Clearly write the names of each invited guest on the outside of the inner envelope so your recipients know exactly who is and isn’t invited to your wedding. If you’re inviting children, list the names and titles of parents first, then the names of the children. You can use familiar names if you prefer.

Outer Envelope

Your outer envelope protects your formal invitations from damage in the mailing process.

Pro tip: Order extra outer envelopes in case you make a mistake addressing your invites.

Thank You Cards

While thank you cards aren’t officially part of your formal invitation suite, they are an essential piece of wedding stationery. It’s very important that you thank each guest for their presence at your wedding, even if they didn’t get you a gift.

Thank you cards should be sent no later than three months after your honeymoon for any gifts received on or after your wedding day. For gifts received before your wedding day, try to send a thank you card within two weeks of its arrival.

Here are some tips for writing and sending your thank you cards:

  • Use your guest list to keep track of your thank you cards the same way you used your list to track your invites and response cards.
  • Add a personal touch – thank you cards should always be hand written.
  • Sign both of your names, regardless of who actually writes the note.

Make it Easy with Invitation Ensembles

Printing your own wedding invitations can significantly cut down the cost of your stationery suite. But between your formal invite, enclosures, and envelopes, creating a coordinating wedding stationery suite can seem hopelessly complicated.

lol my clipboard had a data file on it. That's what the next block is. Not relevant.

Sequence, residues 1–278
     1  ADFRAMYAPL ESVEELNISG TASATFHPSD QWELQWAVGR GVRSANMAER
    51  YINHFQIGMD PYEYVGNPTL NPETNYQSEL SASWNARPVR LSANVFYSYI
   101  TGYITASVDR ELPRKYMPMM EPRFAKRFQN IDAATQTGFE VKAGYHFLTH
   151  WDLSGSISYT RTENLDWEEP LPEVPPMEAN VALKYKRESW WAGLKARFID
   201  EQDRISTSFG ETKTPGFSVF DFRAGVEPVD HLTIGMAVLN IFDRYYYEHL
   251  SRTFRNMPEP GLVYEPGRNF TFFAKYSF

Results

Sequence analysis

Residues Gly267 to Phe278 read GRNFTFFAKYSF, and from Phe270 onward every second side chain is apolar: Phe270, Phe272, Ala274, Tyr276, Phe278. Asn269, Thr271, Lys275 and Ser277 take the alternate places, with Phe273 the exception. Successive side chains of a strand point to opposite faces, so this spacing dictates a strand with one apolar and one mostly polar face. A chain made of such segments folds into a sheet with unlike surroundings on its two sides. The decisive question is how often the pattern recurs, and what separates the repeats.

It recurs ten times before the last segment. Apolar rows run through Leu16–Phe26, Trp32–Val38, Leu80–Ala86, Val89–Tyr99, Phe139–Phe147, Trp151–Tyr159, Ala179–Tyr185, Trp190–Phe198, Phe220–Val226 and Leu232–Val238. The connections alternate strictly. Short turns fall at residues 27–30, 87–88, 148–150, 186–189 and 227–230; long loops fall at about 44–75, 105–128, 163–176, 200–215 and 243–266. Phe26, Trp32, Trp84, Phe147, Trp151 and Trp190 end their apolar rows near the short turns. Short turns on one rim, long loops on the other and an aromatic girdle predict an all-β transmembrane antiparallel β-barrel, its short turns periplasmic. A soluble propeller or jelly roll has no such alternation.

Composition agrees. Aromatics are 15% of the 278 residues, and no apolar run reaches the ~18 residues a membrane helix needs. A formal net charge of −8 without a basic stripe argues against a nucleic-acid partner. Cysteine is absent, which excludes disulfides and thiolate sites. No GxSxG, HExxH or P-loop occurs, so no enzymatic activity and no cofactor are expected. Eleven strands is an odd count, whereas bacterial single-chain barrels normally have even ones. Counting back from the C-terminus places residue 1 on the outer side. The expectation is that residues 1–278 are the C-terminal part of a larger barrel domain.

Instead of finding and purchasing separate pieces, try using an invitation ensemble! Ensembles contain all the essential components of your wedding stationery quite, including inner and outer envelopes, invitation cards, and multiple enclosures. And they’re available in several colors and styles, so you’re sure to find one that’s perfect for your event.

Here are some of our most popular wedding invitation ensembles:

Take a look at our full selection of wedding invitation ensembles.

Invites, Away! 

Wedding invitations are easy to DIY, even with all those enclosures, envelopes, and complicated rules of etiquette. Pre-cut and folded invitation ensembles make creating and sending your own invitation suite easy and economical, so there’s no need to stress over your save the dates, formal invitations, or thank you cards.

Take a look at our Wedding Inspiration category for more wedding stationery tips and suggestions.

Steph Schinkel
Steph Schinkel

Steph is an avid crafter, DIY enthusiast, and regular contributor to The Paper who loves to handmake all of her cards. Above all else, Steph is a die-hard foodie with a massive sweet tooth and a deep, soul-consuming love for chocolate.